During my third contract in the Sahara in the autumn of 1979 I stayed for about 3 months on an Italian Pipe line (IPL) camp in the oil-fields of the eastern part of the desert.
It is one of my life’s ironies that there, in that barren place, I consistently ate some of the best food of my life.
I took to the Italians at once. It was the first time that I’d had any real contact with these vivacious and agreeable people.
One of their priorities was food. When they first came to construct a camp in the desert one of the first things they would do was to gouge out deep cellars with their mechanical diggers, under the kitchens, where the large quantities of cheeses, wines, hams and sausages flown in from Milan, Parma or Siena could mature in cool peace far from the desert heat.
All the pasta was freshly made the same day; the fettuccini was delicious, the ravioli in its steaming crust was to die for and the spaghetti olio é àlio tossed in chives, parsley, crushed garlic and virgin olive-oil was, in its simplicity, a work of art. Nor was fish, steamed, grilled or baked neglected. The cook was a real chef from a smart restaurant in Milan, lured to the African desert no doubt for huge sums. He was a dead ringer for the American actor Ernst Borgnine. He trained up his three Arab boys in many culinary skills, ranging from rolling out the pasta to laying out the diced carrots and spring onions for the dips, all under his watchful eye. Pudding was often a Cook’s Creation, a cake, fruit-trifle, blancmange or soufflé.
Not surprisingly the fame of the cooking on the IPL camp spread up and down the line and elaborate excuses would made to be in that vicinity at lunch or dinner time.
As SAIPEM, the parent company and part of the Italian energy giant ENI, was based in the Milan area, most of the personnel were recruited from the north of Italy (Lombardy) and had a healthy disdain for Romans, considering their city Milan as being more dynamic, productive and creative than the capital.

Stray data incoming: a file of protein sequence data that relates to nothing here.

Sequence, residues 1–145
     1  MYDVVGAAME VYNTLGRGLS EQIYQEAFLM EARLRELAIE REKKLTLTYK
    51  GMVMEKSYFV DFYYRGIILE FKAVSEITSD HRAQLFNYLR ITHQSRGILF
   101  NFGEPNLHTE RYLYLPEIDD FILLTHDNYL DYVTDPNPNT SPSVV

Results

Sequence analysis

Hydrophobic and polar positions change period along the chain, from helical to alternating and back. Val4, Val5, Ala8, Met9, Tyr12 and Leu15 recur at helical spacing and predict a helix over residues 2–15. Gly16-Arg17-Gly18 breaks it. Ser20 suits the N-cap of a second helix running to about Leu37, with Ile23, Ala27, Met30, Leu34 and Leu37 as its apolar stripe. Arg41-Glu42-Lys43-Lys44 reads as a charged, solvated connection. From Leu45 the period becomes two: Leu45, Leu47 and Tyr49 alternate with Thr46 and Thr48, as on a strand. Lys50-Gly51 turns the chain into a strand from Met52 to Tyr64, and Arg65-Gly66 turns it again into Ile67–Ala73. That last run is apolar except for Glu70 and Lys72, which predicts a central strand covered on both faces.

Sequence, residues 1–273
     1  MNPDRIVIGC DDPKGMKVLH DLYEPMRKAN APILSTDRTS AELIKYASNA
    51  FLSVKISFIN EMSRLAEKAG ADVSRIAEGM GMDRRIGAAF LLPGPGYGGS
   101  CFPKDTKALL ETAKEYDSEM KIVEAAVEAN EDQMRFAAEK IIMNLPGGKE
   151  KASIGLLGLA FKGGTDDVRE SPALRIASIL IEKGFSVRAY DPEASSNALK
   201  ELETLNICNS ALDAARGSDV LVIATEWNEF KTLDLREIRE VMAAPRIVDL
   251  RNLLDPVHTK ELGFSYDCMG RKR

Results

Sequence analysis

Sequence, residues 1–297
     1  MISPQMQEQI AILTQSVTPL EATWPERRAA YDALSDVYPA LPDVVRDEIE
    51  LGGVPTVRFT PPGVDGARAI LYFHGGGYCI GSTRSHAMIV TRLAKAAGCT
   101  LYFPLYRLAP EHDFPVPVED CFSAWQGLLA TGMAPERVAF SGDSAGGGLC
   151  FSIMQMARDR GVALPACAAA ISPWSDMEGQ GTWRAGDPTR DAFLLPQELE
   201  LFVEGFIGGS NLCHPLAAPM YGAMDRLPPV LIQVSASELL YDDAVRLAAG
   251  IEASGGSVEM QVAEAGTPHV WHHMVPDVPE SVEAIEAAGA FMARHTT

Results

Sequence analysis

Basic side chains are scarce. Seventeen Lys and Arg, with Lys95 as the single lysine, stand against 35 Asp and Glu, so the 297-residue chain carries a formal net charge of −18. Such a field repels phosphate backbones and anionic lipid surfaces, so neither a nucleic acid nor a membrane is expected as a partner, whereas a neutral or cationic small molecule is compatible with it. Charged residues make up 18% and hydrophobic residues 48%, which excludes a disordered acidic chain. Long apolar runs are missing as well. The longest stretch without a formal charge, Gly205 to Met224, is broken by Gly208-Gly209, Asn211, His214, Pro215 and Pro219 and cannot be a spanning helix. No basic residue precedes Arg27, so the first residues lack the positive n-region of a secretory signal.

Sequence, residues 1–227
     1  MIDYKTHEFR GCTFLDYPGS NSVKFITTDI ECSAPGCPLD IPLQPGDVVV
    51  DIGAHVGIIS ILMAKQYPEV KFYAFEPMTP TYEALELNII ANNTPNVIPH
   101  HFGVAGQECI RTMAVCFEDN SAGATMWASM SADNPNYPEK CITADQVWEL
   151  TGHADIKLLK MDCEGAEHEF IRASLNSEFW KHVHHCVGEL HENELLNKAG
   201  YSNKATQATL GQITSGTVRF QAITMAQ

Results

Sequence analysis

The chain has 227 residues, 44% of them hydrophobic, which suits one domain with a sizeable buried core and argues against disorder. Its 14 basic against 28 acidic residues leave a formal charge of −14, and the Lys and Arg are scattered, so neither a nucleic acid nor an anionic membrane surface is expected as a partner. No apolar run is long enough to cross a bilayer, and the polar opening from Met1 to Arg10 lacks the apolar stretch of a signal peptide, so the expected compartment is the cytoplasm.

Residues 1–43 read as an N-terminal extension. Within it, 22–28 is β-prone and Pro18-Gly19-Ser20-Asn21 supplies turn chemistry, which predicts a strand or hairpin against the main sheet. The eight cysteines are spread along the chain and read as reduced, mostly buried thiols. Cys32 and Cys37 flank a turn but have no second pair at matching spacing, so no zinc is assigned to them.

I as a northerner myself could relate to this; indeed there was nothing new about this first-city/second-city rivalry – Osaka/Tokyo, Peking/Shanghai, Madrid/Barcelona, London/Manchester, Lisbon/Oporto … the list is endless, with the recurrent theme that the industrial north was providing wealth for the southern capital.
I was intrigued by the interpersonal reaction between them, so different from the dour style of the Anglo-Americans. The beauty and expressiveness of the sing-song cadences of the language, (I’d spent eight lacklustre and seemingly unproductive years studying Latin at school), the expressive gesticulation (yes, Italians really do talk with their hands) all contributed to increase my admiration of the culture which had burned so richly and with such artistic splendour during the Renaissance. To sum up, just as the Dutch know floods, Italians know food.
They were presided over by an approachable, youngish bearded man whom they would respectfully address as «Signor Engineero». Sometimes he would come into the hall and have lunch with his crew with whom he had an unassuming but authoritative manner. One day I was pointed out to him, as someone who liked a game of chess, so he came across and proposed a game. Quickly the table was cleared and a board was fetched and the game begun watched by a cluster of spectators.
This is a new one, I thought, playing chess in the Sahara Desert with an audience of hairy Italian pipe-liners. The Italians make a drama out of it; I could just imagine their murmured commentary (in demotic English):
– My money’s on our Engineer, but you never know; the Englishman’s an unknown quantity ….
– Yeah, so far they seem to be equally matched … king’s pawn opening, classic pawn defence by the Englishman … the Sicilian Defence offered by the cunning Englishman but rejected by our clever Engineer etc.
I gained some kudos by these games with our Engineer. Just to finish this section, I’d like to make two completely disparate observations.
Firstly my schooldays study of Latin has since proved invaluable in the analysis of my own language, English which though belonging to the Germanic group is cognate to the Romance languages.
Secondly and more importantly when the shy chef made one his rare appearances at the end a meal he was usually greeted by a round of appreciative applause.